CHELSEA — Voters soon will have the final say on the Regional School Unit 12’s proposed budget, which includes a 3.6% spending increase.

The $23,022,981 budget was confirmed with little said earlier this month by about 70 voters at Chelsea Elementary School. The spending plan is $799,689 more than the current budget’s $22.22 million.

The budget still can be rejected by voters in seven member municipalities — Alna, Chelsea, Palermo, Somerville, Westport Island, Whitefield and Windsor — in a June 11 referendum. If it were to be voted down, district officials would have to look for areas to trim, which was a topic of discussion in Chelsea earlier this month.

Chelsea Selectman Mike Pushard, when discussing road repairs with Chelsea residents during a May 9 Select Board meeting, suggested voting down the RSU 12 budget to save the town some tax money for other projects.

“One vote down for that school budget would save us $40,000 to $50,000 on our end,” he said. “That’s almost more important than coming to our annual town budget and voting for your municipal budget.”

Superintendent Howard Tuttle said he was aware of Facebook posts about voting down the budget but had not heard directly from anyone planning to vote against it.


The largest spending increase is for tuition the district pays out for high school students. Because RSU 12 doesn’t have a high school, its students attend area schools and the district pays tuition.

In the proposed budget, the district is estimating $4,850,868 in tuition for high schoolers, a $356,978 — or 7.94% — increase from the current spending plan.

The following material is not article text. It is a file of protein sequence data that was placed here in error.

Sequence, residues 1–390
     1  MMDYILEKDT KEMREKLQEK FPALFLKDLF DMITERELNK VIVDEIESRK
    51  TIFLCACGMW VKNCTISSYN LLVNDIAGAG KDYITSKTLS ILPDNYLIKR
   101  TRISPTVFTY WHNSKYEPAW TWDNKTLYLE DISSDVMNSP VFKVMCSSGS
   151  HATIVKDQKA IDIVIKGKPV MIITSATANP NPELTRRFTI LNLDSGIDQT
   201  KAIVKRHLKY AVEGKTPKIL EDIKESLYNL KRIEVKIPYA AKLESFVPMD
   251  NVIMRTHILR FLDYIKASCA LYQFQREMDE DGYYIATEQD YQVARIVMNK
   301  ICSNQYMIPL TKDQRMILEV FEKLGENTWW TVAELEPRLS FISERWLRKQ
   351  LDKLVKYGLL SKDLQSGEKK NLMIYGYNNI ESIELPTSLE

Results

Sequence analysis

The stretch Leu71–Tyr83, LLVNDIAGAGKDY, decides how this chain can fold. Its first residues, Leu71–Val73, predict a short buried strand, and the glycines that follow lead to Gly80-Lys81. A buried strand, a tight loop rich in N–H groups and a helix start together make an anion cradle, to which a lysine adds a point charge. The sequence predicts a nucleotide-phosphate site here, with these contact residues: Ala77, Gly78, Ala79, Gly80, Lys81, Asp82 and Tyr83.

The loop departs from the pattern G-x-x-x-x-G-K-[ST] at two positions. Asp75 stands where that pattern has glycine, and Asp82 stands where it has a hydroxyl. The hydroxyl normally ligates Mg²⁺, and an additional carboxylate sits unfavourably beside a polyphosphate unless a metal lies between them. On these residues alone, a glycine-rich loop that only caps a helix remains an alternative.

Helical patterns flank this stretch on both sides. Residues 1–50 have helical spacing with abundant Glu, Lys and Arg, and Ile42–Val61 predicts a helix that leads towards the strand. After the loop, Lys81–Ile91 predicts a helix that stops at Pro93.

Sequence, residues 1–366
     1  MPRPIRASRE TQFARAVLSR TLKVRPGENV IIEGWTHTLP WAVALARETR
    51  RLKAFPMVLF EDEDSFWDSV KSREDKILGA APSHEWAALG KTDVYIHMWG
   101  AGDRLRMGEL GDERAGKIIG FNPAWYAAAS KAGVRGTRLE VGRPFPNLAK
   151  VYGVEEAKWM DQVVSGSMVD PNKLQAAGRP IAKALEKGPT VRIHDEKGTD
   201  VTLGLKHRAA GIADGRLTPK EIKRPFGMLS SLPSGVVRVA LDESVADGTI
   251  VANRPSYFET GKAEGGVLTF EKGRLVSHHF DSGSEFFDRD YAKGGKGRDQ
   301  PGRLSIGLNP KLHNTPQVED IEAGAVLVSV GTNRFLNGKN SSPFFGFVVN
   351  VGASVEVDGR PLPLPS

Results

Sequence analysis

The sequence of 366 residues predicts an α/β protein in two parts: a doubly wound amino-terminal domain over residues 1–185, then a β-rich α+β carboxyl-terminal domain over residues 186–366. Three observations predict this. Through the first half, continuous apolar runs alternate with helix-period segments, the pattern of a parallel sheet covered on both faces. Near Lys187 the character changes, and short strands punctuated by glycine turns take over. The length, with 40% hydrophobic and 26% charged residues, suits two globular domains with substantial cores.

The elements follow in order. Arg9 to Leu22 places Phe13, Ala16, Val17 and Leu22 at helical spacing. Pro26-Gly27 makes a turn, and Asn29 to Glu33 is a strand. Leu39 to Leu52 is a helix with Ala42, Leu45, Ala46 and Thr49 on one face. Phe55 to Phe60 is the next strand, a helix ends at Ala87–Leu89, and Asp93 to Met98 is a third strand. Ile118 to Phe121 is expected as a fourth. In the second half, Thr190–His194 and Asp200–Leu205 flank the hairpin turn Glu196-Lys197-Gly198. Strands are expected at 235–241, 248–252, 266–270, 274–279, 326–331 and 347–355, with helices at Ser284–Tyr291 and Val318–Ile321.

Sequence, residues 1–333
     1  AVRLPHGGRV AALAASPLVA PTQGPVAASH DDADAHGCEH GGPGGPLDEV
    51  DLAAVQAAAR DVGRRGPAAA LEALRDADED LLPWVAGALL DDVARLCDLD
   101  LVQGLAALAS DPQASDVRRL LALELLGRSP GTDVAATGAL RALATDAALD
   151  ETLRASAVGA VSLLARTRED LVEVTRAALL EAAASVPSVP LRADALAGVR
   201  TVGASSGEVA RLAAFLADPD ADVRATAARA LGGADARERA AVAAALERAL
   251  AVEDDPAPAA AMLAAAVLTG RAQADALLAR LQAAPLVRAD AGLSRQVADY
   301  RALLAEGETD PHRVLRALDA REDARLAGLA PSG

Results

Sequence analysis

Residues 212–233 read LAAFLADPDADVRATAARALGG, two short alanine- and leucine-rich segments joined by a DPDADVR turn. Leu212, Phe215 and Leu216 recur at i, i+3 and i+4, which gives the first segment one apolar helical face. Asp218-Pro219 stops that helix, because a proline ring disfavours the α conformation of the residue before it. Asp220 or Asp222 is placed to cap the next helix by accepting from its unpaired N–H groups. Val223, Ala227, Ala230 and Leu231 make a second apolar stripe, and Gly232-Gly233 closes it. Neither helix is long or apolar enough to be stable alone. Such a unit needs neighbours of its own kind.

The district will offset the $23 million spending plan with $10,914,611 in state subsidies and other revenue, $392,885 — or a 3.73% increase — over last year’s revenue. Municipalities must make up a total of $12.1 million, and each town pays $13.750 per student it adds to the district.

The breakdown per member town:

• Alna is projected to pay, $969,050, an increase of $12,586.88 — or 1.3% — from the current $956,464.

• Chelsea is projected to pay, $2,477,835, an increase of $137,434 — or 5.87% — from the current $2,340,401.


• Palermo is projected to pay, $1,880,229, an increase of $10,432 — or 0.55% — from the current $1,869,797.

• Somerville is projected to pay, $640,490, an increase of $29,977 — or 4.9% — from the current $610,513.

• Westport Island is projected to pay, $750,115, an increase of $33,883 — or 4.7% — from the current $716,232.

• Whitefield is projected to pay, $2,268,630, an increase of $43,422 — or 1.95% — from the current $2,225,208.

• Windsor is projected to pay, $3,122,019, an increase of $139.068 — or 4.66% — from the current $2,982,951.

Instruction and tuition for pre-kindergarten to eighth grade is up 2.3% from $6,377,185 to $6,510,861. These jumps in instruction costs directly correlate to a rising number of students in the district.


The budget estimates about 24 more students than last year. Four towns are anticipated to have increases in their number of students. They are Chelsea, with about 22 more students; Windsor, 16; Somerville, four; and Westport Island, one. The other towns are anticipated to send a decreased number of students: Alna, about seven; Whitefield, six; and Palermo, about four.

The budget also reflects three position cuts: one custodian, a first-grade teacher in Windsor and a pre-kindergarten position in Chelsea.

Tuttle said Chelsea’s pre-K program was paid for entirely by funds outside of the town’s local shares, but attendance has hovered around 22 students since it started. As each of the program’s two rooms can hold 32 students, one could be cut and the class size increased with no children left unserved.

Before the May 16 vote, residents believed the program should have remained and children should have been bused from other member towns to take part in pre-K. Tuttle said transporting pupils to Chelsea Elementary School and back could get costly.

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